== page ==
Normal stress measurements in sheared non-Brownian suspensions
Journal of rheology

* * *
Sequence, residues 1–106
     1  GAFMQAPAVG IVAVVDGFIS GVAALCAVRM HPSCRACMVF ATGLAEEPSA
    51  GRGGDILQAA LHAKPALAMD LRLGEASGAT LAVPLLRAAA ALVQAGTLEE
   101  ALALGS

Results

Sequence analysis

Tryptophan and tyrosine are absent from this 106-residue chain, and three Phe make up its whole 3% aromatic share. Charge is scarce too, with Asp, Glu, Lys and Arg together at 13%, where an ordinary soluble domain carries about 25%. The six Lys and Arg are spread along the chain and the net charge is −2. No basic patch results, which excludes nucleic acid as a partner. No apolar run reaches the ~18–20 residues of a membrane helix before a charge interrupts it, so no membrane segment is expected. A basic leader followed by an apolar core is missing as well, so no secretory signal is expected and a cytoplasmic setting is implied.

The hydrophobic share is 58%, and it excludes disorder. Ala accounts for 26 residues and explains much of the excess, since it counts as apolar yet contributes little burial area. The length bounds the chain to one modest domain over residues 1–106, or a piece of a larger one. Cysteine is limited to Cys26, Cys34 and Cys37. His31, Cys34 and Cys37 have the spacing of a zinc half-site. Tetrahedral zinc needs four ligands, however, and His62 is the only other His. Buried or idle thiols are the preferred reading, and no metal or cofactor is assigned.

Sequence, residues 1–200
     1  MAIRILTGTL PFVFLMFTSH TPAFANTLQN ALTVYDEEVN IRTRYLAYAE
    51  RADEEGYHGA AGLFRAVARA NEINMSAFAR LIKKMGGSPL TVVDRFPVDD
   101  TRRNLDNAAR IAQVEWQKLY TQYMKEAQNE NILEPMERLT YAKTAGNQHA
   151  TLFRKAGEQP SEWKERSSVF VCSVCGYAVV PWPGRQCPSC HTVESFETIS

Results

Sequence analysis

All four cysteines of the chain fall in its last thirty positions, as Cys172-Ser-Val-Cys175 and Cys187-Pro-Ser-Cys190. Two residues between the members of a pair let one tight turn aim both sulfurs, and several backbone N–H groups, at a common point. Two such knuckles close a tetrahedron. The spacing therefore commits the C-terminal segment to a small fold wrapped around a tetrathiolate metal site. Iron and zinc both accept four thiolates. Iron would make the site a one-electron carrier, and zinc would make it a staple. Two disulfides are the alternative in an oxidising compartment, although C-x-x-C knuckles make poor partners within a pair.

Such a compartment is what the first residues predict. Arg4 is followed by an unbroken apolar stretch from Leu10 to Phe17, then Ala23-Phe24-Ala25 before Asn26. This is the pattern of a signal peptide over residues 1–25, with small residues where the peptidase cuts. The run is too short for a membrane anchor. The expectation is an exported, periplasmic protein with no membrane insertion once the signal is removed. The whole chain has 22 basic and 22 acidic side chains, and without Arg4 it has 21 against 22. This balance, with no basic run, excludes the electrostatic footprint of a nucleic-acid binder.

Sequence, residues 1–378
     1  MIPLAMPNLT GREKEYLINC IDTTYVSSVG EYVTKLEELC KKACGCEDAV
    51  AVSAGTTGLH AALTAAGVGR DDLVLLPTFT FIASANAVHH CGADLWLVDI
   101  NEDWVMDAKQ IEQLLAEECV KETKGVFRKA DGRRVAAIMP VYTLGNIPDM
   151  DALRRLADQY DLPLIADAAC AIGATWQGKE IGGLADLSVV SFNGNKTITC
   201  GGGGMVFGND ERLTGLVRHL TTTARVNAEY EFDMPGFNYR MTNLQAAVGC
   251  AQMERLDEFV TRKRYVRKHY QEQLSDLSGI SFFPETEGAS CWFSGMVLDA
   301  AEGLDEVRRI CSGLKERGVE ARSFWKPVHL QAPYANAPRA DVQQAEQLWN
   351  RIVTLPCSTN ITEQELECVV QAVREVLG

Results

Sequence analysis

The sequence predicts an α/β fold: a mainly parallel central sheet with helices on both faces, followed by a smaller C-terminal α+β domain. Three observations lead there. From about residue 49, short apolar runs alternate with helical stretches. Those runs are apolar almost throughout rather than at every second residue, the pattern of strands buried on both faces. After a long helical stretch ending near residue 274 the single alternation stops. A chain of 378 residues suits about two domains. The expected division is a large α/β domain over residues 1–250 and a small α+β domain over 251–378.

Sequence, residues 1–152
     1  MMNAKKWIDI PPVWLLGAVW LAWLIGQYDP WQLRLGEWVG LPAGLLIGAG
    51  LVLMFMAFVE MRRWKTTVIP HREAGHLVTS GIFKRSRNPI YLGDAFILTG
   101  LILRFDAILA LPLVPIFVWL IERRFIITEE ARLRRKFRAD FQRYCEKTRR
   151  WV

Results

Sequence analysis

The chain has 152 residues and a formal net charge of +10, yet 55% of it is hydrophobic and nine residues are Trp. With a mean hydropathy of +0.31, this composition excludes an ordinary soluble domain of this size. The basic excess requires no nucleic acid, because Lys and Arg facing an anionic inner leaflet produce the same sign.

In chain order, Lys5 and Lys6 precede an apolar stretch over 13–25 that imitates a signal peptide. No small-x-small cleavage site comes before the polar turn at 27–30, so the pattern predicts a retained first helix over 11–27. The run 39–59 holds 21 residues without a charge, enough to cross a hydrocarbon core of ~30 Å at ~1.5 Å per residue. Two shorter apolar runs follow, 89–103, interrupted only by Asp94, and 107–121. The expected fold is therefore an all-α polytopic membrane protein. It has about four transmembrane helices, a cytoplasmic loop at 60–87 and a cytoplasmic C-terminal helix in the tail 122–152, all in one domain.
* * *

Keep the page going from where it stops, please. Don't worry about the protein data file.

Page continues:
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... solutions? J. Rheol. 56, 1413Rheol. 56, (2012 Rheological and morphological study of cocontinuous polymer blends during coarsening Synopsis Measurements in a cylindrical Taylor-Couette device of the shear-induced radial normal stress in a suspension of neutrally buoyant non-Brownian (noncolloidal) spheres immersed in a Newtonian viscous liquid are reported. The radial normal stress of the fluid phase was obtained by measurement of the grid pressure P g , i.e., the liquid pressure measured behind a grid which restrained the particles from crossing. The radial component of the total stress of the suspension was obtained by measurement of the pressure, P m , behind a membrane exposed to both phases. Pressure measurements, varying linearly with the shear rate, were obtained for shear rates low enough to insure a grid pressure below a particle size dependent capillary stress. Under these experimental conditions, the membrane pressure is shown to equal the second normal stress difference, N 2 , of the suspension stress whereas the difference between the grid pressure and the total pressure, P g À P m , equals the radial normal stress of the particle phase, R p rr . The collected data show that R p rr is about 1 order of magnitude higher than the second normal stress difference of the suspension. The R p rr values obtained in this manner are independent of the particle size, and their ratio to the suspension shear stress increases quadratically with /, in the range 0 < / < 0:4. This finding, in agreement with the theoretical particle pressure prediction of Brady and Morris [J. Fluid Mech. 348, 103-139 (1997)] for small /, supports the contention that the particle phase normal stress R p rr is due to asymmetric pair interactions under dilute conditions, and may not require manybody effects. Moreover we show that the values of R p rr , normalized by the fluid shear stress, g f j_ cj with g f the suspending fluid viscosity and j_ cj the magnitude of the shear rate, are well-described by a simple analytic expression recently proposed for the particle pressure. V C 2013 The Society of Rheology. [http://dx.